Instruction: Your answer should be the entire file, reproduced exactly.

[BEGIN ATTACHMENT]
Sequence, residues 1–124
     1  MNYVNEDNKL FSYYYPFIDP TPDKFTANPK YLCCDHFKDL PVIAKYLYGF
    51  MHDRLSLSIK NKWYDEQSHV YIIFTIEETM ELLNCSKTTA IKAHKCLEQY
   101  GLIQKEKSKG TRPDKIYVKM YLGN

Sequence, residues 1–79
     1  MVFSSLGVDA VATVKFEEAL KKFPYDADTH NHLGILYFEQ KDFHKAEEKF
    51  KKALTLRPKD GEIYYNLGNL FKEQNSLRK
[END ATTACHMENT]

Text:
Sequence, residues 1–124
     1  MNYVNEDNKL FSYYYPFIDP TPDKFTANPK YLCCDHFKDL PVIAKYLYGF
    51  MHDRLSLSIK NKWYDEQSHV YIIFTIEETM ELLNCSKTTA IKAHKCLEQY
   101  GLIQKEKSKG TRPDKIYVKM YLGN

Sequence, residues 1–79
     1  MVFSSLGVDA VATVKFEEAL KKFPYDADTH NHLGILYFEQ KDFHKAEEKF
    51  KKALTLRPKD GEIYYNLGNL FKEQNSLRK